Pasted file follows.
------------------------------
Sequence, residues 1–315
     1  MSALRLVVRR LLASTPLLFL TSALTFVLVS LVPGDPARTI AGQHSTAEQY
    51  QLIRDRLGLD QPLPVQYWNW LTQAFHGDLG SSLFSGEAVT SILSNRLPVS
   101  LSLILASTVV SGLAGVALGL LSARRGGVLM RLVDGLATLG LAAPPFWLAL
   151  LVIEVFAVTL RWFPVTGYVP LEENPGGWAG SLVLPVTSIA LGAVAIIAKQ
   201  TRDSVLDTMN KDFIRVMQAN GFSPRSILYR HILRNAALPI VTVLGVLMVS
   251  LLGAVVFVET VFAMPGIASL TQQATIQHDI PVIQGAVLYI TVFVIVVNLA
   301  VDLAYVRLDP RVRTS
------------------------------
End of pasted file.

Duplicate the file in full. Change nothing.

Sequence, residues 1–315
     1  MSALRLVVRR LLASTPLLFL TSALTFVLVS LVPGDPARTI AGQHSTAEQY
    51  QLIRDRLGLD QPLPVQYWNW LTQAFHGDLG SSLFSGEAVT SILSNRLPVS
   101  LSLILASTVV SGLAGVALGL LSARRGGVLM RLVDGLATLG LAAPPFWLAL
   151  LVIEVFAVTL RWFPVTGYVP LEENPGGWAG SLVLPVTSIA LGAVAIIAKQ
   201  TRDSVLDTMN KDFIRVMQAN GFSPRSILYR HILRNAALPI VTVLGVLMVS
   251  LLGAVVFVET VFAMPGIASL TQQATIQHDI PVIQGAVLYI TVFVIVVNLA
   301  VDLAYVRLDP RVRTS